What we heard: Vomit, drug use and harassment scare riders from CTrain. But could a crackdown cost lives?
Three overdoses on Calgary Transit in one day — CBC reporter Lucie Edwardson reported Monday on her day on the CTrain to launch our community-driven project on transit security.
The tips came fast and with emotion.
Many were comments like Laura Martin's: "I used to frequently take my children on the train to visit the downtown parks / spend a day at the zoo, places where parking is inconvenient or expensive. Now I wouldn't dream of taking my children on a bus or train in Calgary."
One of the last times she took a train with her seven-year-old, a man pulled out a glass pipe mere feet from where they sat and smoked it "as casually as if he was checking his phone."
They got out and took a cab home.
We've had hundreds of people write in — stories about vomit, getting hit or pushed, seeing drug use, experiencing fear and a finding new determination to stay as far away from the train as possible.
Many say they use the bus instead when they can because then a driver is present.
Carver Philips said the drugs and harassment made him switch to the bus but it doubled his commute time.
"The entire trip took over two hours; it was four hours of my day every day. I gave up and went back to driving every day. It takes 30 minutes each way, and my safety from someone on drugs or alcohol is no longer a concern."
We're still reading and replying to hundreds of messages, but it's clear this is a widespread issue that is keeping many, many people from returning to Calgary Transit. The drug use and crime is jeopardizing a multibillion-dollar infrastructure resources meant for all Calgarians.
The complexity of drugs on transit
But there's another story here, too. One that makes possible solutions more complex.
Those three men who overdosed in front of Edwardson that day, all three lived. Two of them were saved by transit security.
If public backlash to the drug use leads only to a crackdown, does that simply force the drugs, homelessness and desperation into dark corners where no one sees it? Using drugs out of sight can be a death sentence.
That's another theme we've heard, especially from a group of advocates on Twitter.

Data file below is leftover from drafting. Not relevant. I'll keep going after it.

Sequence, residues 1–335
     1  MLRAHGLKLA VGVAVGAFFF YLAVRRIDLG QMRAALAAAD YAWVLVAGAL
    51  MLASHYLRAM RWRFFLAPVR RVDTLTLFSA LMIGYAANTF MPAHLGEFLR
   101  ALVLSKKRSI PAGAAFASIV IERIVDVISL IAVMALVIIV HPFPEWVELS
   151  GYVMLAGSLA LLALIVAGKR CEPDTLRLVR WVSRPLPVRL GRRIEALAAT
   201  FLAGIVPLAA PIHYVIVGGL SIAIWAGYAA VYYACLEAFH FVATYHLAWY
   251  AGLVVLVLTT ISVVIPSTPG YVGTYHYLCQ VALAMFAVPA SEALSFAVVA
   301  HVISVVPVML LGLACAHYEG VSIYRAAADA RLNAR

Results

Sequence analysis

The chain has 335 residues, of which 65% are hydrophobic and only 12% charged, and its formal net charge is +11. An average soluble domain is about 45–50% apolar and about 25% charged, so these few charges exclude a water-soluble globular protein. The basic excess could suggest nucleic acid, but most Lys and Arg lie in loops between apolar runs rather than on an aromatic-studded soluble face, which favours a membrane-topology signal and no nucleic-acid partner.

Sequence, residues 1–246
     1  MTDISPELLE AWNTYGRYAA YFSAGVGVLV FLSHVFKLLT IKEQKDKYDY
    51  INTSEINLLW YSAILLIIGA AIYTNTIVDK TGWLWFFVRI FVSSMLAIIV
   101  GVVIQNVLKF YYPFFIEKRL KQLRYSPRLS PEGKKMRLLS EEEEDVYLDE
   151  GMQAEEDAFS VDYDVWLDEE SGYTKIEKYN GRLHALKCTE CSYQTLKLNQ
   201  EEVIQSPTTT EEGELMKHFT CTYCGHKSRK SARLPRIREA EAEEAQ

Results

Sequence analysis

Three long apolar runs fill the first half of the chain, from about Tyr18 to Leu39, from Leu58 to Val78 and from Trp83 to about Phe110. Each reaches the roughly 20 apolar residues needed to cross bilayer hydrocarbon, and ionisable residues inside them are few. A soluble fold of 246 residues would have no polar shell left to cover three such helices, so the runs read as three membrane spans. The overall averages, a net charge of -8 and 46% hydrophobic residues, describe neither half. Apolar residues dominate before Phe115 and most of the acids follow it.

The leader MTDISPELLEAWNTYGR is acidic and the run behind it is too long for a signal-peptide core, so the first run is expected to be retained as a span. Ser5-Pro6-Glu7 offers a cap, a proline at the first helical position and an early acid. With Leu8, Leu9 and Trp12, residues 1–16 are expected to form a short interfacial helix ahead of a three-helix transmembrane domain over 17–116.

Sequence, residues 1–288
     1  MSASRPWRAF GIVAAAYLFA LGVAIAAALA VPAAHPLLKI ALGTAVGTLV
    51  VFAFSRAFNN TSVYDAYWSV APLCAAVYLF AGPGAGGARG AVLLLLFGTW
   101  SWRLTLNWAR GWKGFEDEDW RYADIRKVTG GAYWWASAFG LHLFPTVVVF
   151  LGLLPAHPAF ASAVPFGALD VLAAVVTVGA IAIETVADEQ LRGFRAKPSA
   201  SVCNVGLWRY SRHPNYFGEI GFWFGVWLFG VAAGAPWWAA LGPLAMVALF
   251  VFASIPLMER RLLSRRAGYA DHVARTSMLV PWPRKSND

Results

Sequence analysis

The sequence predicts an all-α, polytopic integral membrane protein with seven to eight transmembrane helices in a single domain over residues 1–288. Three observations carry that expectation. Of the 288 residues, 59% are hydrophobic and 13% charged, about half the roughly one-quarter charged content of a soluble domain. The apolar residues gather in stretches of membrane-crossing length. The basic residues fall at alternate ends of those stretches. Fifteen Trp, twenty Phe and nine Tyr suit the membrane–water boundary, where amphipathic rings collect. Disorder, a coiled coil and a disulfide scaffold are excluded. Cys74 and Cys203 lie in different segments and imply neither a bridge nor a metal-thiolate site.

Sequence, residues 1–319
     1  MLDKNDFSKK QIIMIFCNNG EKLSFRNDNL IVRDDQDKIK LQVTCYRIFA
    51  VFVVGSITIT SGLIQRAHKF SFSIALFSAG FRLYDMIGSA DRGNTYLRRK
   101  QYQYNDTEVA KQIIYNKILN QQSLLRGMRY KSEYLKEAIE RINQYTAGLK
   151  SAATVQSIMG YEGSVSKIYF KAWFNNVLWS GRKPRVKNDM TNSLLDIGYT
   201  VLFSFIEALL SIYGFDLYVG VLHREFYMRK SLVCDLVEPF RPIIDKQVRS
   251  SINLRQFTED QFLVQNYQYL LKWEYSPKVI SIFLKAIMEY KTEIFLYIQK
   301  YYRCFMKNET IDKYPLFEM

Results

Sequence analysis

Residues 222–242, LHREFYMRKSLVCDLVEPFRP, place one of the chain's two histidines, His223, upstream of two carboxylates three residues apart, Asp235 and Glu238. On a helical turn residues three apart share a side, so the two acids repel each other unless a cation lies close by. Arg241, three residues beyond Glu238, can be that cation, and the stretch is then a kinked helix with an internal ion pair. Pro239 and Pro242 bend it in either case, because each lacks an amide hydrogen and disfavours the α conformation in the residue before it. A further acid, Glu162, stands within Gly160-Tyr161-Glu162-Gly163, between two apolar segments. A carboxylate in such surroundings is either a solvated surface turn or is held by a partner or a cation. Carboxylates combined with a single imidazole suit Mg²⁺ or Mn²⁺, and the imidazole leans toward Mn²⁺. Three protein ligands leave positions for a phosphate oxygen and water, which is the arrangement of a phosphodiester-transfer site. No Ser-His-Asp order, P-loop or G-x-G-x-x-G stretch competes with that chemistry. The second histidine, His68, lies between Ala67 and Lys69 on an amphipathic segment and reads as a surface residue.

Several harm reduction advocates and journalists criticized CBC for being surprised and for not having the reporter carry Narcan, a nasal spray version of the opioid antidote naloxone, saying she should expect to see an overdose on transit and be prepared to reverse it herself.
Many people who joined our text messaging group first talked about how unsafe they felt. Then they got into the complexity of homelessness and drug use when they talked about solutions. They're fearful but concerned about those using drugs, too.
A 'pandemic of a different kind'
Elizabeth-Anne Johnson wrote: "I think the things that make people uncomfortable about using transit — homelessness, drug use, etc. — are caused by the lack of social support offered by the government. No one wants to be smoking crack at a train station or sleeping in a bus shelter, but we as a society have failed these people."
And Debbie Sellers said the problem can be seen far beyond transit. She said she lives in Forest Lawn, in an apartment off 17th Avenue S.E., where people using drugs have taken over their parkade.
She wrote: "No one can park their cars under the parkade anymore, cops seem to be limited on what they can do? … It has been surreal and we are facing another pandemic of a different kind.
"They will also come in groups in order to protect themselves as some of them don't feel safe, which is why they starting breaking into the backyard to sleep where they felt safer. I guess even those being homeless and using drugs are feeling unsafe as well. I spoke with another guy who seemed really nice, and he said he was beaten up and jumped on by a bunch of other guys."
The notes sent in on our texting app are confidential. The people we've named here gave their permission to share the comments publicly.
What is community-driven journalism
The detailed comments on which stations are having certain issues, how the emergency text line does or doesn't help, how the problems are changing rider behaviour, and what solutions people would like to see explored — all these are helping to shape our questions for city, transit and provincial authorities, and to shape stories we tell next.
That's our next job: to build a question and story list for this project. Because that's what community-driven journalism is. It starts with listening; that listening and reporting goes in tandem. The publishing comes in stages; we keep learning and we can keep listening.
This search for understanding is a job we tackle together.
We'll talk with experts and advocates. That's important. And we also need to ground ourselves in listening to community. Because the experience of the people who are living this matters. That includes the people who take transit, or have been driven from transit, who don't want their kids on transit … and includes the people stuck in a horrible cycle of addiction.
This article was just a beginning. If you want to follow along, join our text messaging community.
And if you're curious about community-driven journalism, check out our past projects.